"Barnes, y'just don't seem t'have been listening to me, earlier, when we had our nice friendly conversation." Stevie stepped out from the shadow of the porch to stand by the side of the stocky man. "Y'still seem t'be labourin' under the misapprehension that you have any sort'a power over the actors here. Well, y'don't. I know every paragraph of your contract by heart, laddie; an' there's one which clearly states that you cannot fire personnel for any reason. That's in the hands of those who are duly delegated to do such; and paragraph 37c of your contract clearly states the only persons with that power are either Kelly here, or me—not you, under any circumstances. See what I'm gettin' at, buster?"

"What?" Spoken with a savagery that would have done a charging tiger proud. "Who the f-ckin' hell d'ya think you two are, anyway? F-ckin' givin' orders as if ya own the joint."

"We do, we got the percentage say on what goes on in Redoubtable, remember." Kelly stepped up beside her paramour. "Barnes, you're fired—hit the trail. Yeah, we can do that, too, it's in our contracts."

Barnes' face went from light crimson to dark, eventually bordering for a life-threatening moment on purple before he speechlessly turned on his heel and went off at a tangent, heading for his car parked under a group of trees some distance away. A minute passed, there was a grating sound as of clashing gears, then his vehicle sped away down the trail, leaving a swirling dust-cloud in it's wake.

"Nicely done, Kel." Stevie laid a hand on her partner's shoulder. "Couldn't have said it better myself."

"Never did like the ape, anyway." Kelly pouted her gorgeous pink lips. "Even if I only knew him fer about forty minutes."

"Hah, forty minutes too many."

"Ya got it, lover." Kelly looked over at the camera and the crew quietly waiting in the distance. "So, what now? Todd?"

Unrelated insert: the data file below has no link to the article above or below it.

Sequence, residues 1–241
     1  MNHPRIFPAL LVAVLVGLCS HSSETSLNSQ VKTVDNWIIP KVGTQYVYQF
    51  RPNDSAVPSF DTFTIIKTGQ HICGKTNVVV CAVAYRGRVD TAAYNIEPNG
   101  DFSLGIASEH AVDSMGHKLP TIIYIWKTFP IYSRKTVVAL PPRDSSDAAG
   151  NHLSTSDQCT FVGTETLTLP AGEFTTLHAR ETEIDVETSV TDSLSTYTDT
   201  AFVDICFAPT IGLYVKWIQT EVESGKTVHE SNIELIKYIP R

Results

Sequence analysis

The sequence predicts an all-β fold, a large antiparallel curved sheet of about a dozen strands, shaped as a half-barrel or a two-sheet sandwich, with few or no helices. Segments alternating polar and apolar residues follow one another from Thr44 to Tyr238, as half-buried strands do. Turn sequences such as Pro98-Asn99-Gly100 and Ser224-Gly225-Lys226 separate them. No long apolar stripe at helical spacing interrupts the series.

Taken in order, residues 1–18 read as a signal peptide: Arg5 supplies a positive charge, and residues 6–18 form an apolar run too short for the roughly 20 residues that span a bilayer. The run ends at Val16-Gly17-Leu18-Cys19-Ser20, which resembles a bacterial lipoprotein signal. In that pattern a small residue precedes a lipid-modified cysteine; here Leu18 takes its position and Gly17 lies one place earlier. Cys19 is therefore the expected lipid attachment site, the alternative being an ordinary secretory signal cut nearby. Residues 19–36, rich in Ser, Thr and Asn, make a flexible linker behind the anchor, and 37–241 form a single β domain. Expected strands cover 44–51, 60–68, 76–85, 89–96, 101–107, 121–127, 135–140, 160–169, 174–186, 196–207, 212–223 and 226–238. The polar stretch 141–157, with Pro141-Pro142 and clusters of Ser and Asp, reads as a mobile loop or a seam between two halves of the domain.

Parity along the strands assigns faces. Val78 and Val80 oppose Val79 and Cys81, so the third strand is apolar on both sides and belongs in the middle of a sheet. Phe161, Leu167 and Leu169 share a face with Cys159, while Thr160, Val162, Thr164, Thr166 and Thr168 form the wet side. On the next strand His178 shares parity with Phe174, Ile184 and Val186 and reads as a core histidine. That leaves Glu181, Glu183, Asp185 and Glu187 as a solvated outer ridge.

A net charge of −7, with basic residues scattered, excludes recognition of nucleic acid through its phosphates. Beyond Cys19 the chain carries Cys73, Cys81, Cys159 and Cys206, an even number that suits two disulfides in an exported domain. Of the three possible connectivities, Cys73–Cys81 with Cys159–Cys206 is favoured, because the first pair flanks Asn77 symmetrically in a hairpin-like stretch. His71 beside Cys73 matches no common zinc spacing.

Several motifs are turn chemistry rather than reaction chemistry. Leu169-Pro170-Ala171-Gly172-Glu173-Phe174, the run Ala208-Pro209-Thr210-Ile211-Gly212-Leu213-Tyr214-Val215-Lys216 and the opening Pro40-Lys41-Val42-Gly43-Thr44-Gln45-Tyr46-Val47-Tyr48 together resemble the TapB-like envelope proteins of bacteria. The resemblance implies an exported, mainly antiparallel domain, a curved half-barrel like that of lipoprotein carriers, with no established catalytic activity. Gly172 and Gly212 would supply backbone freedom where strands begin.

"Yep, Todd it is; let's go an' give him the good news."



The interior of the Calabria ranch-house, never being used for inside filming, was as a result fixed up as a studio office, complete with telephone connection to the outside world. The morning's shooting being over, and the crew and actors now sitting at trestle tables under the trees for their lunch, Stevie had taken the opportunity to contact civilisation back in Hollywood, to wit Buddie Brannigan, film producer.

"I'm,—I'm,—can I butt in, at all?" She was having a hard time, though, with her hard-pressed co-worker. "Yeah, I know it's a dam' bad start, but there weren't any alternative. No, there wasn't—why? 'cause I was there is why—I heard it all, I saw it all,—I, well, Kel really, fired the b-st-rd, straight off,—now Forbes is holding the reins. Yeah, fer the whole o'the rest o'the film. He'll also take over the studio scenes when we return—just have'ta get some other second-unit bozzo to step in, that's all. Buddie, don't say things like that, y'know I'm a lady an' sech offends my delicate ears. Oh, well, the same t'you too, sonny. Yeah, see ya tomorrow morning—yeah, cheers t'you too, laddie, bye. Jeesus, glad that's over."